Internet Service Providers (ISPs) are vehemently against regulation when it will even remotely constrain their anti-competitive behavior — such as being regulated under Title II of the Telecommunications Act for net neutrality — but they’re quite happy to support regulations that protect their iron grip on the broadband market.
|By: msmolly Friday December 5, 2014 5:00 am|
|By: msmolly Friday November 14, 2014 4:30 pm|
A network tampering activity implemented by a popular Internet Service Provider (ISP) and in development by another has come under some scrutiny.
Verizon has been quietly tracking the Internet activity of more than 100 million cellular customers by inserting “supercookies” into their cell phone web browsing — powerful markers that even sophisticated users find it difficult to evade. The tracker functions even if a customer uses a private browsing mode or clears cookies. Privacy advocates say this tracking can expose our Internet behavior to outsiders, including to government intelligence services, and also may violate federal telecommunications and wiretapping laws. (AT&T’s program is not as sophisticated, and is still being developed and tested, so is not yet being deployed.)
|By: DSWright Wednesday November 5, 2014 11:51 am|
Yet even more fallout from former NSA Director Keith Alexander’s financial disclosures. Alexander’s investments have already become a matter of controversy when it seemed as though he was trading on inside information related to opaque commodity markets heavily influenced by Russia and China.
|By: Peter Van Buren Thursday September 4, 2014 1:10 pm|
A security researcher identified multiple “fake” cell phone towers around the United States, many near military bases, designed to intercept calls and texts without your knowledge, and to potentially inject spyware into your phone by defeating built-in encryption.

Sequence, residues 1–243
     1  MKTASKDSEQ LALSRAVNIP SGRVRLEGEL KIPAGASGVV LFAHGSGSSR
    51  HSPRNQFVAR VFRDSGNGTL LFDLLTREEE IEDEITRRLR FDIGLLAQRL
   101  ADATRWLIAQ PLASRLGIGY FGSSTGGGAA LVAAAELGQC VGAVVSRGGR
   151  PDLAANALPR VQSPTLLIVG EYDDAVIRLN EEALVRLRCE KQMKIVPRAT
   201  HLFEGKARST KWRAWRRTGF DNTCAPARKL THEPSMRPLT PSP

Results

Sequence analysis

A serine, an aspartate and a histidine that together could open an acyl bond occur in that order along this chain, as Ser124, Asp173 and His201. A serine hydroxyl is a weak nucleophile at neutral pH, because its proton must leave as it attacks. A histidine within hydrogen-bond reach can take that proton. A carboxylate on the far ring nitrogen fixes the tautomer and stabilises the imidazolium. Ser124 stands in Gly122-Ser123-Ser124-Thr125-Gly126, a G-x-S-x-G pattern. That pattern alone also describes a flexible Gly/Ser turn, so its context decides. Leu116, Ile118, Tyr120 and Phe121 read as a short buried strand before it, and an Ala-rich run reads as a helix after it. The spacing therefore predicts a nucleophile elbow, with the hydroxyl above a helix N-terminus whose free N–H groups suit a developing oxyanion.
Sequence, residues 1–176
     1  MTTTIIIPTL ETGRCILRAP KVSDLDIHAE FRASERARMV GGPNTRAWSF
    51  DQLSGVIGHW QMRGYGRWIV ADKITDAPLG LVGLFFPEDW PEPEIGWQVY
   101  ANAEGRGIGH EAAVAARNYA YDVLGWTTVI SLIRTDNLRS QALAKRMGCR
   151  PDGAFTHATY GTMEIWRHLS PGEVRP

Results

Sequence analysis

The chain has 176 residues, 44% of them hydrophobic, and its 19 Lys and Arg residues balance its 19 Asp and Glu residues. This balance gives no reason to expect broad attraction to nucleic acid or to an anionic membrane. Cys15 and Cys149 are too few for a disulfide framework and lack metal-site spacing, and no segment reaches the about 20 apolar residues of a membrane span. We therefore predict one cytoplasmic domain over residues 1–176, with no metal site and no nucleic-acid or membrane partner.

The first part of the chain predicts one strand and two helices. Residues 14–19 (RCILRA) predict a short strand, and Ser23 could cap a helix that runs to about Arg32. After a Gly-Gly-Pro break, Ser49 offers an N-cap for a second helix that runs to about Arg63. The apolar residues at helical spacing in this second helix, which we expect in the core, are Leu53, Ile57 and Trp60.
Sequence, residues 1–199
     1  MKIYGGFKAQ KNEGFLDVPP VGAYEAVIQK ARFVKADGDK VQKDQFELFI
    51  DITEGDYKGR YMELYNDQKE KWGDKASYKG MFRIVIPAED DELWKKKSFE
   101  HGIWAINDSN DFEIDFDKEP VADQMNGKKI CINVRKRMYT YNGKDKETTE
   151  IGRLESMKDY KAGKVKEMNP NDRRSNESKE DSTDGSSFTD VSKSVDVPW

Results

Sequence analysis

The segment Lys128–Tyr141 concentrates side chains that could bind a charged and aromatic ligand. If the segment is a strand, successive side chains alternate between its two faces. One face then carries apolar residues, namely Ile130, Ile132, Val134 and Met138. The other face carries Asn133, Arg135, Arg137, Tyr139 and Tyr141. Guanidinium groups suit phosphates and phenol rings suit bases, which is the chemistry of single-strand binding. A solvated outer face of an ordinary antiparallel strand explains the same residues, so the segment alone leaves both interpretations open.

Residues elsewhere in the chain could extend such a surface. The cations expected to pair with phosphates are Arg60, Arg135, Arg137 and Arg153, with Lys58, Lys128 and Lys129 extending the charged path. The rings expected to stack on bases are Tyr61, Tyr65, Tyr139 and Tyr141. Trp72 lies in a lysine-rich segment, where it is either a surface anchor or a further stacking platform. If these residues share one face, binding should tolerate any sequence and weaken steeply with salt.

The researcher has located a number of towers; what he can’t figure out is who built them and who controls them.
|By: Peter Van Buren Tuesday August 26, 2014 2:24 pm|
Citing an endless river of filth, vacuous conversations, idiotic Tweets and endless cat videos, the NSA announced it is “freaking done” with spying on Americans.
|By: Peter Van Buren Friday August 1, 2014 8:15 am|
The German government will end its contract with Verizon. Brazil dumped Boeing for Swedish company Saab to replace its fighter jets. Sources told Bloomberg News“The NSA problem ruined it” for the U.S. defense contractor.
Unfettered NSA spying has cost U.S. companies up to $180 billion in lost overseas business. The number is expected to grow.
|By: Jane Hamsher Friday March 28, 2014 11:20 am|
Many will feel a great sense of schadenfreude to read today that Facebook announced its plans to bring wireless internet to rural communities with the acquisition of British-based aerospace company Ascenta.
|By: DSWright Wednesday January 8, 2014 11:00 am|
The education privatization movement aka “Ed reform” is looking to use spy technology on students. Of course they would only use the data to assist instruction never to sell products and services, that’s not what for-profit schools would do – would they?
|By: Kevin Gosztola Friday December 6, 2013 3:59 pm|
AT&T, one of the largest telecommunications companies in the world, has informed shareholders it will not disclose any details on its dealings with the National Security Agency.
The American Civil Liberties Union of Northern California filed a “shareholder proposal” with AT&T after it was revealed in the news that the company is sharing data with the US government. It demanded that AT&T “publish semi-annual reports, subject to existing laws and regulation, providing metrics and discussion regarding requests for customer information by US and foreign governments, at reasonable cost and omitting proprietary information.”
|By: Kevin Gosztola Thursday November 7, 2013 11:10 am|
AT&T, one of the largest telecommunications companies, has a more than $10 million contract with the CIA to provide the intelligence agency with data on calls that cross the company’s networks all over the world. The company provides the information for “overseas counterterrorism investigations,” and targeting foreign suspects, but the information being provided to the CIA sometimes involves data from Americans’ international calls.